Recording "Strawberry Fields Forever" #1

Thursday, November 24, 1966 • For The Beatles

Album Songs recorded during this session officially appear on the Penny Lane / Strawberry Fields Forever 7" Single.
EMI Studios, Studio Two, Abbey Road

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From Wikipedia:

[…] The working title was “It’s Not Too Bad“, and Geoff Emerick, the sound engineer, remembered it being “just a great, great song, that was apparent from the first time John sang it for all of us, playing an acoustic guitar.” Recording began on 24 November 1966, in Abbey Road’s Studio Two on a 4-track machine. It took 45 hours to record, spread over five weeks. The song was meant to be on the band’s 1967 album Sgt. Pepper’s Lonely Hearts Club Band, but was released as a single instead.

The band recorded three distinct versions of the song. After Lennon played the song for the other Beatles on his acoustic guitar, the band recorded the first take. Lennon played an Epiphone Casino; McCartney played a Mellotron, a new home instrument purchased by Lennon on 12 August 1965 (with another model hired in after encouragement from Mike Pinder of The Moody Blues); George Harrison played electric guitar, and Ringo Starr played drums. The first recorded take began with the verse, “Living is easy …“, instead of the chorus, “Let me take you down“, which starts the released version. The first verse also led directly to the second, with no chorus between. Lennon’s vocals were automatically double-tracked from the words “Strawberry Fields Forever” through the end of the last verse. The last verse, beginning “Always, no sometimes“, has three-part harmonies, with McCartney and Harrison singing “dreamy background vocals“. This version was soon abandoned and went unreleased until the Anthology 2 compilation in 1996. […]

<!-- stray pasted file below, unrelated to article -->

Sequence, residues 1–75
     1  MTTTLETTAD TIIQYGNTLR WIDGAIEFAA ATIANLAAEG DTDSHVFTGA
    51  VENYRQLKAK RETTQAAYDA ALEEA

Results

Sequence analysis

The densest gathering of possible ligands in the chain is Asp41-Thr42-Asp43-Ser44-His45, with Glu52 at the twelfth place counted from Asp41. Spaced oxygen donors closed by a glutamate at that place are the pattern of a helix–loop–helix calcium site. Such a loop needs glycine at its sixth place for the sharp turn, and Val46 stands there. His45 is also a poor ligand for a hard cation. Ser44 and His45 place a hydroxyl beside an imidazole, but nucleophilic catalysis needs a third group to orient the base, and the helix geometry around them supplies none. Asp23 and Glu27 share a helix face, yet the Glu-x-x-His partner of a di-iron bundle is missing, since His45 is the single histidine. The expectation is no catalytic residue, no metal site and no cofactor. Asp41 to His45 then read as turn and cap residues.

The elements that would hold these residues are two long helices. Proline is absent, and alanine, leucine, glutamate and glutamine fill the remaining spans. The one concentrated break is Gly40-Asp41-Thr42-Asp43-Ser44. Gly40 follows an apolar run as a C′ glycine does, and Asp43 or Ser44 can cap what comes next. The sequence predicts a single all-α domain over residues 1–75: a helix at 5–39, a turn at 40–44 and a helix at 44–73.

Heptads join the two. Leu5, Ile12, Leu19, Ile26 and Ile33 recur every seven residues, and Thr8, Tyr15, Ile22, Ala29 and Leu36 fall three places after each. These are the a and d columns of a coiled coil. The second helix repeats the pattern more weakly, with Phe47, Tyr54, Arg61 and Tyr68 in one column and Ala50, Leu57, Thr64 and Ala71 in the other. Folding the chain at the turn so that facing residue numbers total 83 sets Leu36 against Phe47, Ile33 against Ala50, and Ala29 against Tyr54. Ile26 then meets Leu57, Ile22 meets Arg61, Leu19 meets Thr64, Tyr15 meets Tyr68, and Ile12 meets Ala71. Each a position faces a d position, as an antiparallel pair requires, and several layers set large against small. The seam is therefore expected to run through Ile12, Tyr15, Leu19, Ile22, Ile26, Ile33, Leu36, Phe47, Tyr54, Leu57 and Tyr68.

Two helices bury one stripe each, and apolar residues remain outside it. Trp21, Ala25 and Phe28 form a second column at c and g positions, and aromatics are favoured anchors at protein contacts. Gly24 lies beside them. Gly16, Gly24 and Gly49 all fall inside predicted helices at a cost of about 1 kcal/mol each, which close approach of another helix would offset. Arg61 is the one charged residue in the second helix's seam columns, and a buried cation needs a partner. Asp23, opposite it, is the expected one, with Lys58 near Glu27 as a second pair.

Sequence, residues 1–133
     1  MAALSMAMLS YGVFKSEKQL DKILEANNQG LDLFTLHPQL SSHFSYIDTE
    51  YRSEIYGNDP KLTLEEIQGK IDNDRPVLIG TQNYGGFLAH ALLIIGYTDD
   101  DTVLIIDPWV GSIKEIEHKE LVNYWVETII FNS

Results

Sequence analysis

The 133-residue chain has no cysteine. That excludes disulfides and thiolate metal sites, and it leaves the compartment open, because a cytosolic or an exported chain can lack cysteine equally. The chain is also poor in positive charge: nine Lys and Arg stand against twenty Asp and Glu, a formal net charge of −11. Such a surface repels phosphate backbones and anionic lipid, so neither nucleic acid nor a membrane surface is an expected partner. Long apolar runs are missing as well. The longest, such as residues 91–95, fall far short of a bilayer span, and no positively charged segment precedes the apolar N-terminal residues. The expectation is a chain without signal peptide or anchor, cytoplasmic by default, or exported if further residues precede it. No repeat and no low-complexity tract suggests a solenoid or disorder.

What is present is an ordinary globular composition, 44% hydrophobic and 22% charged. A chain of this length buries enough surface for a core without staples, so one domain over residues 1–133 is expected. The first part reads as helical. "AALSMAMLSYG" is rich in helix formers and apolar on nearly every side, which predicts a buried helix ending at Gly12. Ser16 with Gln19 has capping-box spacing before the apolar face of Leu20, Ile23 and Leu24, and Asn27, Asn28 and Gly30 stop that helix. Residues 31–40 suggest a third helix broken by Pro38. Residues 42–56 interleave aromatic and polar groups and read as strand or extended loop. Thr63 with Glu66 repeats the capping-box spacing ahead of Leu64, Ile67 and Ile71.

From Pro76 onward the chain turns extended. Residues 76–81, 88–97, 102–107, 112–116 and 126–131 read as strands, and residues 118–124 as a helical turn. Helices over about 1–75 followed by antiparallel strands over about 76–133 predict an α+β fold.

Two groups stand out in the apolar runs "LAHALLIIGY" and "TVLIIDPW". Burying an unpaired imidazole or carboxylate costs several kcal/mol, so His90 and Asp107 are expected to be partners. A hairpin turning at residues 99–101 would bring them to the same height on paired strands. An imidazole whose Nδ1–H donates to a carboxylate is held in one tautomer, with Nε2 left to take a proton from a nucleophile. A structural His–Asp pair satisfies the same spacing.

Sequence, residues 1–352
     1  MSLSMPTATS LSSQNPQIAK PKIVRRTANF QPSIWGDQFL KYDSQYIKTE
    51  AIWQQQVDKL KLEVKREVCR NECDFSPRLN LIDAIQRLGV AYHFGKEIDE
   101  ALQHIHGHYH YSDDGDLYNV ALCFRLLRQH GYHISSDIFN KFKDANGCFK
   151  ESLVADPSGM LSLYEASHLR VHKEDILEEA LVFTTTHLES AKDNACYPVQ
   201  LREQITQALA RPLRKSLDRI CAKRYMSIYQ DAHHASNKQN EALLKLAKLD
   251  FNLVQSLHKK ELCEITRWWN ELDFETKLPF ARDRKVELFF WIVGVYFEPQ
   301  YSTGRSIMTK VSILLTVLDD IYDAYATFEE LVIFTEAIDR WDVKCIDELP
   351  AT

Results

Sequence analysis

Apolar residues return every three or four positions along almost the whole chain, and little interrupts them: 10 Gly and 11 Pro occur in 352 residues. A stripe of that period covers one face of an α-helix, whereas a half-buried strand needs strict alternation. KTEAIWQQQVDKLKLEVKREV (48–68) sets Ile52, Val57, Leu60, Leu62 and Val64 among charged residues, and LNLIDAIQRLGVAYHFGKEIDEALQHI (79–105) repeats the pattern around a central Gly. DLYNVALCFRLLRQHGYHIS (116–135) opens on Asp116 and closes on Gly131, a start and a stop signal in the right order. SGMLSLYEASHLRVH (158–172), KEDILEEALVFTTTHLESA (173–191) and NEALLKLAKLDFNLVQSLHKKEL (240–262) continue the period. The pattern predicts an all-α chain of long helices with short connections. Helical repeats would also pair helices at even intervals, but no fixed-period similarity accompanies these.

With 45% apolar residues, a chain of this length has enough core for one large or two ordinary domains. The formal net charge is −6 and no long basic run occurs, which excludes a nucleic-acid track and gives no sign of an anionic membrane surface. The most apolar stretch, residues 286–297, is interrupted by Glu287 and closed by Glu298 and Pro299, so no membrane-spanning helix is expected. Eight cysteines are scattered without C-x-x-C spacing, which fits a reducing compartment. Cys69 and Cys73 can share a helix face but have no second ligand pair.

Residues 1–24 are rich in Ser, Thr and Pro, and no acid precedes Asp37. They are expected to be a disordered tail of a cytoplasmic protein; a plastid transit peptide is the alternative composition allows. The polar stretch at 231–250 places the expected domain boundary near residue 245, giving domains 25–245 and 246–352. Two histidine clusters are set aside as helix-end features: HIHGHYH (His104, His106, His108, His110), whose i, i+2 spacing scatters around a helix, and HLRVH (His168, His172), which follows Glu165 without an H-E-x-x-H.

From Anthology 2 liner notes:

After five months away from the studio, and three apart from each other, the Beatles came together at Abbey Road on Thursday 24 November 1966, encumbered no longer by deadlines and touring schedules, and keen to explore new song ideas and methods of recording. In the next five months they would deliver the two sides of their forthcoming single, Penny Lane and Strawberry Fields Forever, and the album Sgt. Pepper’s Lonely Hearts Club Band. After issuing 116 titles in 46 months, a rate of 30 per year, in between concert dates, film shoots, TV recordings and radio sessions, the Beatles were clearly giving themselves and their music a chance to breathe. The result was startling – few could dispute that this was an era of tremendous creativity.